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I have 4C146179, which is set-up as a Hamilton 992B. Based on the research in this forum, this watch dates to 1970 and was part of a clean-up run of 992B's that Hamilton produced, after they ceased formal manufacturing of that watch in the U.S.
The authenticity of this watch ( and others) faces two hurdles:
1. I have not seen any uncontrovertable documentation (I.E. a letter from Arthur Sinkler telling his workers to assemble a 992B order from 4992B pillar plates.)
2. Both the 992B and 4992B were designed with the highest degree of parts interchangeability, parts were not serial numbered, etc. It would be easy "create" these watches.
If I am wrong, please correct me.... but my understanding is that authentation of these watches is highly dependent upon their serial numbers and where they stand in relation to other "factory-new" examples, that carried more documentation in the form of original boxes and labels.
My watch was a "find." It came to me in a Model A case, with shoulders, and with a set of FAT 950 case-screw marks. It was certainly NOT the original case. Likewise, the dial, which was enamel and dated to at least a decade before my watch. Based upon that knowledge, I recased it in a Mod 15 case with a (horrors)"proper" melamine dial!
From reading the posts in this forum, I gather that there are less than 20 examples that are known and so authenticated. My watch's serial number falls squarely within those that have been authenticated by the consensus of our experts.
Most, if not all of these watches have been similarly "found." I don't know that a single example has been marketed and sold, specifically as a "clean-up" last run of 992B's.
If our research is true, these watches would be a critcal piece of any Hamilton collection and certainly of a 992B specialist's collection
So.... does anyone have a guess what the market value of such a watch would be.... advertised and represented as we have determined it's origin? Also, if a market were to be established, by a sale of such a watch, that reflected it's rarity and it's historical significance, wouldn't there be a rush, by unscrupulous sellers, to "produce" other fraudulent examples?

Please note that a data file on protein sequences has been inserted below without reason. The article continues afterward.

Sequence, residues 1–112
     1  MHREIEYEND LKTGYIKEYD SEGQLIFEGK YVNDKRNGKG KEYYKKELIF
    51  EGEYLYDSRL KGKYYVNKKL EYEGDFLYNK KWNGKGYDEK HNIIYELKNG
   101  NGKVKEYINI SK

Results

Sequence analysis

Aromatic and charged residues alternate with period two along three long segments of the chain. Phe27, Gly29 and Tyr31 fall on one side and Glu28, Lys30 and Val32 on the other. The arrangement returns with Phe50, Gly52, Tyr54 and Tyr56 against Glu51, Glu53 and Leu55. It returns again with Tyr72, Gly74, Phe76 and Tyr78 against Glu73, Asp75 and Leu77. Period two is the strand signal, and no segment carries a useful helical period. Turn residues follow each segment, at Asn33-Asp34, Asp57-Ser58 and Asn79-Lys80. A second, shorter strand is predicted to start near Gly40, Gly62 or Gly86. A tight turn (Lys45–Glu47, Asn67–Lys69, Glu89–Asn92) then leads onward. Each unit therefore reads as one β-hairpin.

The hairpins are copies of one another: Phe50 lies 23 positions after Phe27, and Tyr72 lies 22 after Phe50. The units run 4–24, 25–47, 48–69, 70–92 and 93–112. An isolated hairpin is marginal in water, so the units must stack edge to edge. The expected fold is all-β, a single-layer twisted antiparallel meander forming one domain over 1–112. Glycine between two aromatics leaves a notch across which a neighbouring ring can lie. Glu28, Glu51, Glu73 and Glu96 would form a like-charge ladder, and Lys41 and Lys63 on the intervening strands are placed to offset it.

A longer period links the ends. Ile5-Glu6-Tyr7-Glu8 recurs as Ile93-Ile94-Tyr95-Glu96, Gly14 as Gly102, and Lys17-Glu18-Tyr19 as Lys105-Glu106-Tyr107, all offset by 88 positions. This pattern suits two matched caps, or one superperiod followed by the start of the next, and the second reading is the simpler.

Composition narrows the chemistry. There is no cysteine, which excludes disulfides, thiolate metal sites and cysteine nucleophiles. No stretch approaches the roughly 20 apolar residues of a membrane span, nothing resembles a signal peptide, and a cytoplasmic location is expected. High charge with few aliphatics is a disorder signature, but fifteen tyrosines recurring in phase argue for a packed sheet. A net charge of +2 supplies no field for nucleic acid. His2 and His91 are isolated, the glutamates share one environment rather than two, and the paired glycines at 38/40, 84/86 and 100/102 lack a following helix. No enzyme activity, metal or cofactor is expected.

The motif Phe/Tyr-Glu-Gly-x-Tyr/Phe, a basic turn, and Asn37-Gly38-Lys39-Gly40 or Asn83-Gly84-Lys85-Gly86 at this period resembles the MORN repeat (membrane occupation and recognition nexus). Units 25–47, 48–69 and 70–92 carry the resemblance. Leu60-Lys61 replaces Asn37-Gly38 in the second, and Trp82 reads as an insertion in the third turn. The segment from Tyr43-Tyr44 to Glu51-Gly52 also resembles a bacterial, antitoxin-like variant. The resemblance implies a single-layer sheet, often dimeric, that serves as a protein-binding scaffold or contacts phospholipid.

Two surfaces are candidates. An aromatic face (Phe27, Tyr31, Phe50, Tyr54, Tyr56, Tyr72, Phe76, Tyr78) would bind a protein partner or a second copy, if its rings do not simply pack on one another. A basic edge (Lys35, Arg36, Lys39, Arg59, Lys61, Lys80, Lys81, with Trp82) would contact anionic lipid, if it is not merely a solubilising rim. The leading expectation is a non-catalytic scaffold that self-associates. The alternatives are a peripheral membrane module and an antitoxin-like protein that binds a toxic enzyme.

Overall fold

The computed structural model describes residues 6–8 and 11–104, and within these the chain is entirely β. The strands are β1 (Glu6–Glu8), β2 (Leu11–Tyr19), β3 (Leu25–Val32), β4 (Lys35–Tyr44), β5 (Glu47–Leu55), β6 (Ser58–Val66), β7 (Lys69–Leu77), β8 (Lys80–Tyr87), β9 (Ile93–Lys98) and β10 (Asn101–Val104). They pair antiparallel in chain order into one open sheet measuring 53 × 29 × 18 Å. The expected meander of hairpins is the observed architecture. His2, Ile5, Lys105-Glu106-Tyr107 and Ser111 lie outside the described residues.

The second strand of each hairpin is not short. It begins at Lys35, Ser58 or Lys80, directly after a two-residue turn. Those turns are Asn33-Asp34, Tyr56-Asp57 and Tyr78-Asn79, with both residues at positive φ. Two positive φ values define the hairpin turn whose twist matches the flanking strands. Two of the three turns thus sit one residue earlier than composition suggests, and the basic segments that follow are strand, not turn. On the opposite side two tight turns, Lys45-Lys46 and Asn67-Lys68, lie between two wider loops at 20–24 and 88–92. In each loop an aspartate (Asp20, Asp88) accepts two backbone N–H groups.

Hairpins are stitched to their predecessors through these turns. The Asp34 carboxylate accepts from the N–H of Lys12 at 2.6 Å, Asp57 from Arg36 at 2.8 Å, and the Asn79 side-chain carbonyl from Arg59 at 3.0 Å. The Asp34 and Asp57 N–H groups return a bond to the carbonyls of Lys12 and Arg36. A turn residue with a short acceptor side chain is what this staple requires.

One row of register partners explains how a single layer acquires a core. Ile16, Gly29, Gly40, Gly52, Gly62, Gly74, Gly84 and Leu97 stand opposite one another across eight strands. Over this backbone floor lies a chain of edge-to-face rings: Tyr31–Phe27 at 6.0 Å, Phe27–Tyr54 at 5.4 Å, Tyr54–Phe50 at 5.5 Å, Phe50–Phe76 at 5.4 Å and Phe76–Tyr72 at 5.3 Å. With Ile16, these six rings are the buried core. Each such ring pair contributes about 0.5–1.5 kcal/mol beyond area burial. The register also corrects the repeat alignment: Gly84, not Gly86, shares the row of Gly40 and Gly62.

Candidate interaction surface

Good question Peter. If there is a premium being paid for them, it is not evident. This probably due to the seller not knowing what he had. A little sales hype could push the price and I think could be warranted.
It seems that a small subset of a large production can demand a premium, ie the various 163 bunn specials marking variants. The large production (992b's , bunn specials, etc) means more collections can "play" versus smaller production items like McIntyre's, Otay, etc.
Once the collector ranks grow, they naturally start looking for variants in their chosen areas.
At the present time, if you had a 4c 992b sell between informed buying and selling collectors, I would guess there would be a 15 - 20% premium. I think this premium will grow much higher as the knowledge on this board is more widely circulated.
I paid a 15% premium for mine, over what NIB 992b were going for. I just wanted it, and got some very good help authenticating it. The seller only knew it was a 992b.
As for making them up, the large gold cap jewel setting for the escape wheel ( I think I have that right) is yellow gold on all the b's except for the 4992bs which are white gold. Also, there are holes drilled in the train bridge to accomodate the sweep seconds function. Assume this all could be changed over from a regular 992b, but then you would have a train bridge on the donor watch with holes staring up at you.
More tonite, but the antecidal stories from still living collectors that were active, and from the jewelry store owners of the time lend some creedance to the story of there being a 'clean up' run... the stories are of the offering to the jewelers of the time....